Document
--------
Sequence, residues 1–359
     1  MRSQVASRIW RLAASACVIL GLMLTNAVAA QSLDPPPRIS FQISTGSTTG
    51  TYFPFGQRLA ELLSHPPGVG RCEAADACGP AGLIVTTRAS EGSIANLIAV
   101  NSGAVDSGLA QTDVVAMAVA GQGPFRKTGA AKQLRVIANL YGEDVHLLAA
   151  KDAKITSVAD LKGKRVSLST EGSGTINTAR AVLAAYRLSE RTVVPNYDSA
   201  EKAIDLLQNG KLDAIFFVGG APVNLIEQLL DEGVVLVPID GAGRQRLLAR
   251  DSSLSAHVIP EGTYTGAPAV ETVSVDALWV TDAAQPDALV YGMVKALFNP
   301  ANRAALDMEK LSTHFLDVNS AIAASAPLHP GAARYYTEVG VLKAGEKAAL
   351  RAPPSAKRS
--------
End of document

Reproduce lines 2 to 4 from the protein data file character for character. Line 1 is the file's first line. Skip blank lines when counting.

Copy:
     1  MRSQVASRIW RLAASACVIL GLMLTNAVAA QSLDPPPRIS FQISTGSTTG
    51  TYFPFGQRLA ELLSHPPGVG RCEAADACGP AGLIVTTRAS EGSIANLIAV
   101  NSGAVDSGLA QTDVVAMAVA GQGPFRKTGA AKQLRVIANL YGEDVHLLAA